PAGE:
Growth mode is a great place for startups to (finally) be, but getting bigger also has challenges including letting go of products that may be a drag on the business and maintaining a corporate culture that defines your brand.
Founders of a trio of successful North American startups, each at different stage of growth, sat down at the recent Traction conference in Vancouver to talk about their “Journey Through Growth.”
The discussion was kicked off by Rahul Sood, CEO of sports-betting site Unikrn, describing how the soul of a company is its brand, the characteristics of which are driven by the founders. Sood says founders need to establish a corporate culture for the brand from the start, and stick with it through it through each stage of growth.
“The founder of the company has to really set the tone, and constantly go back to that question of: What made us who we are? And then you have to make that resonate through your team,” Sood says. “People inside your company are a living/breathing example of culture.”
For example, at Unikrn, Sood says employees share an interest in playing video games and making small bets—like $20 on the Seattle Seahawks. It fits the brand.
Andrew Reid, founder of customer management software company Vision Critical, which has grown to more than 600 employees (after recently divesting its marketing research consulting division with 200 employees), says maintaining culture becomes more difficult as you grow.
“It took us a lot time to realize that we had fallen out of touch with articulating what our values are,” Reid says. “If I could do it all over again, we would have done that way sooner.”
About 2.5 years ago, he says the Vancouver-based company decided to make culture a priority. That included developing a set of values and cultural beliefs, and making sure it was supported at the top. Reid says he spends about a quarter of his time making sure the company is honouring those values.
“It’s not about cool T-shirts or logo wear. It’s about having people buy into what you’re doing,” Reid says. It’s about giving employees “a sense of purpose.”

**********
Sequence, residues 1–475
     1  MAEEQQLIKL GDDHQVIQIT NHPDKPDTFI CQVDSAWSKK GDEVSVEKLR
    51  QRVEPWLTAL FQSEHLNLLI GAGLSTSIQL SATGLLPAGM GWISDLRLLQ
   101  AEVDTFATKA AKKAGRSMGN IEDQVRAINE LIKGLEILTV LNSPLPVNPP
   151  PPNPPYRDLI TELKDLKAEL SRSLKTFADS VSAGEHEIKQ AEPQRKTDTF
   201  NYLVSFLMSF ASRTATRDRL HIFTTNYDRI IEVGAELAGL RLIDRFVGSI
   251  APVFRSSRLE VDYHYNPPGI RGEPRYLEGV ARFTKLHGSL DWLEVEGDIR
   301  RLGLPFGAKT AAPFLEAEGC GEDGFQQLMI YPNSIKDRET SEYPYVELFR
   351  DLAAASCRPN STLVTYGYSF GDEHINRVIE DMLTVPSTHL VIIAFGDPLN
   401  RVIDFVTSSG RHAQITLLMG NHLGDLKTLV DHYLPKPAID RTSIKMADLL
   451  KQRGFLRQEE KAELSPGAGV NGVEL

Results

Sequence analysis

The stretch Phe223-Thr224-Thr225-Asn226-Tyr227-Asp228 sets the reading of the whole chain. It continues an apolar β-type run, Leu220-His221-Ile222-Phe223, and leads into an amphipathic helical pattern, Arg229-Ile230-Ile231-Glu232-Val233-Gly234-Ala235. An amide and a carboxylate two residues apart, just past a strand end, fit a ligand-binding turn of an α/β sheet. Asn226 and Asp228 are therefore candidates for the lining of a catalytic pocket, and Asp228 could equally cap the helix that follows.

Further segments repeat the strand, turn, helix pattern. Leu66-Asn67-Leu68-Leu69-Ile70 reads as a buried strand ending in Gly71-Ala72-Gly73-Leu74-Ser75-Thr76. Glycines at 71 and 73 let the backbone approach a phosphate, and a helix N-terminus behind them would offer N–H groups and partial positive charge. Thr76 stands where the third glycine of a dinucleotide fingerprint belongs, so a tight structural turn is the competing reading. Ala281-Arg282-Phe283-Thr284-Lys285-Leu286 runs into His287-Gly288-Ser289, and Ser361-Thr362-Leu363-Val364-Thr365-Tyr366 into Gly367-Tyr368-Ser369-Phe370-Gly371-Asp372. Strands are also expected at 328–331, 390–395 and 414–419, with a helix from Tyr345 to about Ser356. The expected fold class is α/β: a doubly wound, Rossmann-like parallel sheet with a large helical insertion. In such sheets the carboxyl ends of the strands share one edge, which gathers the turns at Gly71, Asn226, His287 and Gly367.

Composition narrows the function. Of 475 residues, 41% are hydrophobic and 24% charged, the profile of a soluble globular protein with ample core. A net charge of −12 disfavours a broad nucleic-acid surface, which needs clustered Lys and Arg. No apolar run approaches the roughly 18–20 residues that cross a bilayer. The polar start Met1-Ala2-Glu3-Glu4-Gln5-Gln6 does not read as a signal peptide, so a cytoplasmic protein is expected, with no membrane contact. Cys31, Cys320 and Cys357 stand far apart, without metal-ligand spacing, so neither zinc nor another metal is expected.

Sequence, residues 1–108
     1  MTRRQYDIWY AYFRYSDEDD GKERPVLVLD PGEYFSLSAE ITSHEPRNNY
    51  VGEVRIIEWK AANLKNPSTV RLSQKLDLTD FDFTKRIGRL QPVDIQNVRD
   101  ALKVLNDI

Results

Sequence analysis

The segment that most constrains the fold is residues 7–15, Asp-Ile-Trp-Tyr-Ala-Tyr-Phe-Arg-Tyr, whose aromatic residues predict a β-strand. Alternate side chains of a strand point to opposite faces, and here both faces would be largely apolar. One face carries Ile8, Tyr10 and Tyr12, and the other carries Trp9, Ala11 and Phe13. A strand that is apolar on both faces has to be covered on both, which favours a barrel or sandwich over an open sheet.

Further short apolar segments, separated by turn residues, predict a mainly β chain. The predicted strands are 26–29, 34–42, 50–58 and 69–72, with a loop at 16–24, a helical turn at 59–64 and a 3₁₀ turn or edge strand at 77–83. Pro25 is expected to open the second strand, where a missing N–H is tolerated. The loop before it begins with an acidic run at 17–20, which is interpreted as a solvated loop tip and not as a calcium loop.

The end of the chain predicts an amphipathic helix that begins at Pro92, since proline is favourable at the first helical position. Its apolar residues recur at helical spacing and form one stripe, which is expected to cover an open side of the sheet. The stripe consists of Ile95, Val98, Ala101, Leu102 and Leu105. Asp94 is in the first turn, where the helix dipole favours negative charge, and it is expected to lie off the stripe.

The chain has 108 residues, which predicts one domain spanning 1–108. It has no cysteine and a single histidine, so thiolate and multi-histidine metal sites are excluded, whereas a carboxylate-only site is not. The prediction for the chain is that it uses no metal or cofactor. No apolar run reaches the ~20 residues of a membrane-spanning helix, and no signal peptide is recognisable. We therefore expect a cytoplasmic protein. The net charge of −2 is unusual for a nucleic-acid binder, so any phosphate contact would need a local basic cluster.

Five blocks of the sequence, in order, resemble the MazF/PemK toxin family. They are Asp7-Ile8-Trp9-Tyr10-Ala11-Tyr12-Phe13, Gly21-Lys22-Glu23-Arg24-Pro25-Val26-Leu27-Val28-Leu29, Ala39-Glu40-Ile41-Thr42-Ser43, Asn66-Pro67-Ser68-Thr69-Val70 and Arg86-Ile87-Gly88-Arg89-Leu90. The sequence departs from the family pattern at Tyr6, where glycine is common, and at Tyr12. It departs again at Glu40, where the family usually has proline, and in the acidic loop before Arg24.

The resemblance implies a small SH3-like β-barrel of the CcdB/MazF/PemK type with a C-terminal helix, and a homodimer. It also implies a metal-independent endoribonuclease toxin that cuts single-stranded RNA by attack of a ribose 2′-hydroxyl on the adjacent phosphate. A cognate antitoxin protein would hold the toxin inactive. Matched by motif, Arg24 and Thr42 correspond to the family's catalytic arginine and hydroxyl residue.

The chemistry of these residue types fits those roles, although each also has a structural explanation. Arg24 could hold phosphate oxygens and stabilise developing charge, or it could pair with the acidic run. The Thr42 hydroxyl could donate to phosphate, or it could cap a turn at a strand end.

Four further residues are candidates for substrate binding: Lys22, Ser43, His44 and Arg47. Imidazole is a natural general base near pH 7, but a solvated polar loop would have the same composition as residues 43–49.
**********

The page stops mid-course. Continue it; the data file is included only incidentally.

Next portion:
The bonus: Reid says having strong values is also a good way to select new employees, and retain them.
David Barrett, CEO of cloud-based accounting software company Expensify, says companies should focus more on culture when hiring — and firing. It can help to build stronger, more productive and innovative teams.
“You end of with a group of people who are incredible,” Barrett says.
The panelists also talked about the importance of focusing on the best-performing products to fuel growth.
Reid says Vision Critical has abandoned products with steady revenues streams, because they were stretching themselves too thin.
“We decided it made more sense to kill those products and do the best we could at one product,” Reid says. “That was really hard to do … For us, it was all about focus.”
Today, he says the company is getting ready to launch more products, but they needed to make that change back in 2012 to get to this spot today.
“It really is focus,” says Sood, who sold a previous company, Voodoo PC, to HP in 2006.
Voodoo also began it work on too many things, Sood says, before deciding to concentrate on gaming.
“If you’re an early stage company … you need to find that one focus and just go nail it – that one scenario you can do really well at, and excel at and go deep,” Sood says. “Then you can scale your business from there.”